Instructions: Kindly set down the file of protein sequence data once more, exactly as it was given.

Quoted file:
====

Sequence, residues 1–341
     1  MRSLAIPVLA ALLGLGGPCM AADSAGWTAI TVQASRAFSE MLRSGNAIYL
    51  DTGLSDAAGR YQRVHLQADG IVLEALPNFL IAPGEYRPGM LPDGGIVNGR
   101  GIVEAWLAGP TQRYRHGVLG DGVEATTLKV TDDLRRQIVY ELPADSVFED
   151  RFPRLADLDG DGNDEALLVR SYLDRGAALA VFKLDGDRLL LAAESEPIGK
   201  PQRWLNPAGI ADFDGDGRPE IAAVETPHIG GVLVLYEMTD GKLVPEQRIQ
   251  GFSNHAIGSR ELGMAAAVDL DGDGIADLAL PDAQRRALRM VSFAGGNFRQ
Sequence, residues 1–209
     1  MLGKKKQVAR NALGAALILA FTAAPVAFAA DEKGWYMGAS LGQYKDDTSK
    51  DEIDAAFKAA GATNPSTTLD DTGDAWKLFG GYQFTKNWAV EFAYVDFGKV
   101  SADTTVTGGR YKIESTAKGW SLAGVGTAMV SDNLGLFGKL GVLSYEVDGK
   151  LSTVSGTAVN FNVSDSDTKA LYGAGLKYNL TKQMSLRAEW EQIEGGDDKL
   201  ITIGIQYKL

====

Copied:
Sequence, residues 1–341
     1  MRSLAIPVLA ALLGLGGPCM AADSAGWTAI TVQASRAFSE MLRSGNAIYL
    51  DTGLSDAAGR YQRVHLQADG IVLEALPNFL IAPGEYRPGM LPDGGIVNGR
   101  GIVEAWLAGP TQRYRHGVLG DGVEATTLKV TDDLRRQIVY ELPADSVFED
   151  RFPRLADLDG DGNDEALLVR SYLDRGAALA VFKLDGDRLL LAAESEPIGK
   201  PQRWLNPAGI ADFDGDGRPE IAAVETPHIG GVLVLYEMTD GKLVPEQRIQ
   251  GFSNHAIGSR ELGMAAAVDL DGDGIADLAL PDAQRRALRM VSFAGGNFRQ
Sequence, residues 1–209
     1  MLGKKKQVAR NALGAALILA FTAAPVAFAA DEKGWYMGAS LGQYKDDTSK
    51  DEIDAAFKAA GATNPSTTLD DTGDAWKLFG GYQFTKNWAV EFAYVDFGKV
   101  SADTTVTGGR YKIESTAKGW SLAGVGTAMV SDNLGLFGKL GVLSYEVDGK
   151  LSTVSGTAVN FNVSDSDTKA LYGAGLKYNL TKQMSLRAEW EQIEGGDDKL
   201  ITIGIQYKL